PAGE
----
Could flight disruptions have been avoided?
The FAA didn't give American Airlines the usual amount of time to fix the glitches.
In the middle of the game, the goal posts moved.Skip to next paragraph
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That's how aviation analysts are explaining last week's stunning move by the Federal Aviation Administration that prompted the grounding of all American Airlines' MD-80 jets – the workhorse of that airline. Delta, United, and other airlines also had to ground all their MD-80s.
The result was more than 3,000 flights canceled, an estimated 300,000 passengers delayed or rerouted, tens of millions of dollars in excess costs to the airlines, and many times that to the economy in lost productivity and wages.
The problem was not an imminent safety threat, according to the airlines, but a technical matter of whether wiring bundles in the wheel wells were wrapped and attached as the FAA had specified.
And that's where the rules of And that's where the rules of the game changed. In the past, say airline officials and aviation analysts, the FAA has negotiated time frames – say, two months – for airlines to come into technical compliance with its directives. But recent whistle-blower testimony indicating that the FAA had become too close to the airlines, and thus lax in its oversight, created a new environment.
"The FAA was not in the mood to negotiate anything, just having had its head handed to it by an oversight committee," says aviation consultant Robert Mann of R.W. Mann & Co. in Port Washington, N.Y. "The FAA moved the goal posts and put the airline in an untenable position: flying knowing it was not in compliance and risk huge fines or loss of its license, or [ground its fleet]."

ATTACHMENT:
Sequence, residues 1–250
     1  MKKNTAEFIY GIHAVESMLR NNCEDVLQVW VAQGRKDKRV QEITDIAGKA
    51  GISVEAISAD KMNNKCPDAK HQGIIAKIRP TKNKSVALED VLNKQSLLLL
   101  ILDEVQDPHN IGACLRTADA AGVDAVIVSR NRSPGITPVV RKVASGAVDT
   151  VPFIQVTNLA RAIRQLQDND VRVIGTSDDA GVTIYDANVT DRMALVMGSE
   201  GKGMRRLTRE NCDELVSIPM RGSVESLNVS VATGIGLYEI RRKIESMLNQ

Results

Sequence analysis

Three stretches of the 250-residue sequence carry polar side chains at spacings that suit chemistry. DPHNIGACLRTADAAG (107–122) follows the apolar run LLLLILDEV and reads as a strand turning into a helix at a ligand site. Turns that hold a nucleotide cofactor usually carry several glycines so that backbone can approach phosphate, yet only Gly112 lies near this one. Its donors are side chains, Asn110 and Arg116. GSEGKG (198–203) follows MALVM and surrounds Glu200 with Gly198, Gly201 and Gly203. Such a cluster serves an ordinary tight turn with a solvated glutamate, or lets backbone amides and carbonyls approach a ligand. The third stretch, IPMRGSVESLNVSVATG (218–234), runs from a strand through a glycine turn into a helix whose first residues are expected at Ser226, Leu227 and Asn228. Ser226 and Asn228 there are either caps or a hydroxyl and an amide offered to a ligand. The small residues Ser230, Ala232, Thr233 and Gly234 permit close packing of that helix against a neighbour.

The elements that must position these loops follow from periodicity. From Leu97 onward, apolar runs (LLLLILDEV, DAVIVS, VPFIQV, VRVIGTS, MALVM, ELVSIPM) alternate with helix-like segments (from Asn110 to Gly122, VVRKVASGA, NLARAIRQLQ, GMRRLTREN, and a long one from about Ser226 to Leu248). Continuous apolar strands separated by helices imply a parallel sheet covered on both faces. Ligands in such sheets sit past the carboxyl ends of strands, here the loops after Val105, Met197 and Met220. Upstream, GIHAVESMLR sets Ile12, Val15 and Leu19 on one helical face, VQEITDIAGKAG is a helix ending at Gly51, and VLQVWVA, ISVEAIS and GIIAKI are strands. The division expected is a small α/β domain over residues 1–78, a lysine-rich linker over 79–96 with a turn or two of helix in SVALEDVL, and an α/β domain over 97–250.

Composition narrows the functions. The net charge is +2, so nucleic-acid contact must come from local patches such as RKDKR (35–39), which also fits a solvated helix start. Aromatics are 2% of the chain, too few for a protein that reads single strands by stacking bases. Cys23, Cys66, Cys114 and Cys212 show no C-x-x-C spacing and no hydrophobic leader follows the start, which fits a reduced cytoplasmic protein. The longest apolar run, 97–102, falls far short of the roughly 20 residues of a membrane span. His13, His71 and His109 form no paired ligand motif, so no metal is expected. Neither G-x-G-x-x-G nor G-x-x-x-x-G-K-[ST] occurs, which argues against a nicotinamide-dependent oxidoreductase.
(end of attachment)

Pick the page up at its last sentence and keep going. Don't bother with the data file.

By late Saturday, the FAA had given all of American's MD-80s clearance to fly and the airline has returned to its regular schedule. American's CEO Gerard Arpey "profoundly apologized" to travelers for the inconvenience. But he didn't have much to say about the FAA. At a press conference Thursday, Mr. Arpey simply said that American was "not successful" in its request for more time to address the technical issues, despite the fact that extra time was something that "often happened in the past."
Did FAA overreact?
The FAA decision not to give American more time to come into compliance has led some aviation analysts to suggest that the agency overreacted as a result of political pressure stemming from the recent revelations in Congress. In hearings at the Transportation Committee, frontline FAA inspectors testified they were ignored by superiors, and some were even threatened, when they raised safety issues at Southwest Airlines.
"The FAA didn't need to ground all of those planes, they could have done it on a rotating basis," says Richard Gritta, an aviation economist at the University of Portland. "But they've been asleep at the switch – in bed with the industry, now they're trying to prove they're really a tiger with teeth and I don't buy it."